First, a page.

WITH few human visitors in recent weeks, a nature reserve has seen the effects of the lack of human contact, writes Philip Sedgwick.

Although there have been no visitors to Foxglove Covert Nature Reserve at Catterick Garrison, life has continued. Denied the support of its army of volunteers, the two managers Sophie Crease and Gerry Dorrington have kept its maintenance and routine tasks up to date. Now with some lockdown restrictions easing, visitors are gradually being allowed back in small numbers.

Wandering around the 100 acre site, Gerry points out the abundant pond life which, having been undisturbed by school parties, has increased. He explained: “Normally we have several school parties every week; our only visitor was a boy who asked to come on his fifth birthday and it would have been mean to deny him.

“There are lots of tadpoles so when our young visitors come it will be a field day for them.”

The closure coincided with the spring bird nesting season which has revealed some surprises. A family of barn owls had their home invaded by jackdaws and had to be dug out from the infiltrators’ newly-overlaid nesting and were luckily still alive. Checking on this and other nesting boxes they have seen an abundance small mammals such as field voles – in one box bird ringers discovered 46 dead voles.

Doing the rounds, upwards of 200 young birds have been ringed at Foxglove with further work planned as many are too small to have a metal ring fitted. They have seen black headed gulls, great tits, blue tits, coat tits, tree creepers, yellowhammer and many more. Some species don’t use nest boxes and monitoring their success for conservation is a much more time consuming task.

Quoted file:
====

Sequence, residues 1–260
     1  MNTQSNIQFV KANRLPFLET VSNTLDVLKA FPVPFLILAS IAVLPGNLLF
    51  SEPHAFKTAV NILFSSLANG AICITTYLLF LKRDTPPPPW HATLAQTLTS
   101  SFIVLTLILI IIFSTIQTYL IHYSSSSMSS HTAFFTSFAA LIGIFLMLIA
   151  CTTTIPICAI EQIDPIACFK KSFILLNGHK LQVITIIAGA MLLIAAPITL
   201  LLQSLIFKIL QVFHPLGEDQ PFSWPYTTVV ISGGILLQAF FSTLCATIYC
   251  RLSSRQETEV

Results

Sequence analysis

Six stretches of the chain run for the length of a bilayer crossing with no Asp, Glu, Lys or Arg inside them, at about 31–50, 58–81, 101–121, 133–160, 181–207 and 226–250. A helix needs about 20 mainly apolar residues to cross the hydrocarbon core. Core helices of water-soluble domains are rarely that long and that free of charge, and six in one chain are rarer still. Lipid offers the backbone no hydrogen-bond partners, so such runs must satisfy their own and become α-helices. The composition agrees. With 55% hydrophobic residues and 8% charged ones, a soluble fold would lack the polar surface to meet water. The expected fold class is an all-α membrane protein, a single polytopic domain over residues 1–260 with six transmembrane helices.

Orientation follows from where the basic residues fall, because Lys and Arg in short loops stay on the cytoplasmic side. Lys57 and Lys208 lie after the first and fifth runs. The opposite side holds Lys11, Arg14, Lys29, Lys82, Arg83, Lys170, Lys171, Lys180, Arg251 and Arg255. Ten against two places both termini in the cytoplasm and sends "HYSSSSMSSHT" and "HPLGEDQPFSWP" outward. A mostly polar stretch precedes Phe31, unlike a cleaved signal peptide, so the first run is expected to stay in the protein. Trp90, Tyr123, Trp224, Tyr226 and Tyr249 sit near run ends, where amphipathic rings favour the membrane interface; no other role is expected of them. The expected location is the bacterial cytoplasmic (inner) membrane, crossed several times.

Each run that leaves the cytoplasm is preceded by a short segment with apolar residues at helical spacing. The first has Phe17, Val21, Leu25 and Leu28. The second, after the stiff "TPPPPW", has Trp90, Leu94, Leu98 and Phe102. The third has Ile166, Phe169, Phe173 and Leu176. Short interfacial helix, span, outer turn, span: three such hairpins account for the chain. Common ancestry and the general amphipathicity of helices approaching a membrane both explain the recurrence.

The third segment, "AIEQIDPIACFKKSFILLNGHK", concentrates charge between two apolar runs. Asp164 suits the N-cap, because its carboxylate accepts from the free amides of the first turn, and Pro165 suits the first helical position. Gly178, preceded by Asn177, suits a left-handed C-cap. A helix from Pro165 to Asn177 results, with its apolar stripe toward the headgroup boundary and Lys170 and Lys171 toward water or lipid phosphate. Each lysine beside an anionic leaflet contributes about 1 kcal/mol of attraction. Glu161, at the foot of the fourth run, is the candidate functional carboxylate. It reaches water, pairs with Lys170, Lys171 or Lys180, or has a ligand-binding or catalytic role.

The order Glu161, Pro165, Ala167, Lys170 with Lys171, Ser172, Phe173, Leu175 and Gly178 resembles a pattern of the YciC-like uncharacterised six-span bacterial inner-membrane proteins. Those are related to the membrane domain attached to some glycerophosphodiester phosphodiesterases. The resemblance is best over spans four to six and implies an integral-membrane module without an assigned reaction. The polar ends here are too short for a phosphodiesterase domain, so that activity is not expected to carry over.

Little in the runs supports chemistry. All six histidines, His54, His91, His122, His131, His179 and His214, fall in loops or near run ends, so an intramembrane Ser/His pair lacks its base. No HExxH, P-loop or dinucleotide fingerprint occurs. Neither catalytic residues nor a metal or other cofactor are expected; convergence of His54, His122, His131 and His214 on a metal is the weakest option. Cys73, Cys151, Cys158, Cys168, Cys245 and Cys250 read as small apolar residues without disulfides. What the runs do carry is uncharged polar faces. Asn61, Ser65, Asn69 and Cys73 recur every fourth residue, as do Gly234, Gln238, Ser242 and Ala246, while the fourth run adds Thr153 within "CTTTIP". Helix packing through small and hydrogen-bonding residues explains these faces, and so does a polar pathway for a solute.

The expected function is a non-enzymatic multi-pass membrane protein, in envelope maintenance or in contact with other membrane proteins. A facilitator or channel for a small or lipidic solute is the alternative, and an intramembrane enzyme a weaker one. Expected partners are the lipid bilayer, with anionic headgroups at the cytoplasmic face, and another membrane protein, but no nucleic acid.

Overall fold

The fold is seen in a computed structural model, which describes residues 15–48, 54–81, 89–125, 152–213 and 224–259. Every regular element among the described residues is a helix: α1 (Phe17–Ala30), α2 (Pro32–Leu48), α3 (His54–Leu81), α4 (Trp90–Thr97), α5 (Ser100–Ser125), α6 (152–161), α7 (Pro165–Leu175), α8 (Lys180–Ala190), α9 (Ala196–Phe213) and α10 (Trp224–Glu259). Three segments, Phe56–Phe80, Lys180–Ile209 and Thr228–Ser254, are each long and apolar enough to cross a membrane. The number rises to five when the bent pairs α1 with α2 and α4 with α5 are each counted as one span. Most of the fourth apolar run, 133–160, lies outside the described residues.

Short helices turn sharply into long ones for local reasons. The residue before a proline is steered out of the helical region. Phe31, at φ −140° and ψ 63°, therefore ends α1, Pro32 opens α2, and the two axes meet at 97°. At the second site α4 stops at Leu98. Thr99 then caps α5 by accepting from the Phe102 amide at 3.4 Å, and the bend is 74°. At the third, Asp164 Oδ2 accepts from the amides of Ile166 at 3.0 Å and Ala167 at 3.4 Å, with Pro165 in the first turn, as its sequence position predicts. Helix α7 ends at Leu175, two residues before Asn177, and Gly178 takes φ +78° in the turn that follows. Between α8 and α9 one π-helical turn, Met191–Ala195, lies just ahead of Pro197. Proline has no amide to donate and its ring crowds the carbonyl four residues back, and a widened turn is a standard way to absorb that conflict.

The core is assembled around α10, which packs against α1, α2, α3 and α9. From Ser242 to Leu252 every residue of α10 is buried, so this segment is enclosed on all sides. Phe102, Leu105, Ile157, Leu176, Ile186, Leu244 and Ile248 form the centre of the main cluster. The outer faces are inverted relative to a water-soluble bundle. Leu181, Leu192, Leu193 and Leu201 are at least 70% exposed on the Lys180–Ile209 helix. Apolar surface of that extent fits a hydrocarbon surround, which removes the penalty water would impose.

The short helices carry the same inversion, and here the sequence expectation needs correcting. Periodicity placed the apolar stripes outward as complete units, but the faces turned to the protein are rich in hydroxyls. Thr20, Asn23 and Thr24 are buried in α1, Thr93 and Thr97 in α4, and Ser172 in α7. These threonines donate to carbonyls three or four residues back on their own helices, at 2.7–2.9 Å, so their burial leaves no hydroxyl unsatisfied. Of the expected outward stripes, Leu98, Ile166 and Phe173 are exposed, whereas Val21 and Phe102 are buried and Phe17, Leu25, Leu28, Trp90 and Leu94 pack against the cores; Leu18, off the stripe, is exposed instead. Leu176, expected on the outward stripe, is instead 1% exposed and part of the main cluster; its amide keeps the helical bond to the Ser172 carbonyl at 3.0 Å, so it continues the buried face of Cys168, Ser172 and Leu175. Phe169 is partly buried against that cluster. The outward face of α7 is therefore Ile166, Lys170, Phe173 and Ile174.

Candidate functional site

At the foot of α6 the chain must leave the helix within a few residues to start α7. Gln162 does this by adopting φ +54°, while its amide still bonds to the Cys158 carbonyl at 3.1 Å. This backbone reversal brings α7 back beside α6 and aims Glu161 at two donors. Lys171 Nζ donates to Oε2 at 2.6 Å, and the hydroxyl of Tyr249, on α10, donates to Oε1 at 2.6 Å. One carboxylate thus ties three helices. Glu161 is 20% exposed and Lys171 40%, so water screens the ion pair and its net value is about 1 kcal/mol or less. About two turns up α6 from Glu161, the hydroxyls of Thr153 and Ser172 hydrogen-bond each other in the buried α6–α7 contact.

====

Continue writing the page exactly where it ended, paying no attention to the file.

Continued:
As more people have use their newly-enforced leisure time to forge closer links with nature there are two schools of thought; has the natural world expanded during the lockdown or are we just more aware of it? Readers’ pictures in the D&S and social media are ablaze with the public’s stunning pictures of wildlife discoveries.

Deborah Millward of Yoredale Natural History Society, said: “I think we have had more time on our hands, we have conscientiously gone out as instructed for our exercise and just taken things more slowly and appreciatively. The scientist in me says there cannot be more wildlife, it has not had time to multiply, but it has taken advantage of less human and vehicular traffic and moved into unexpected places.”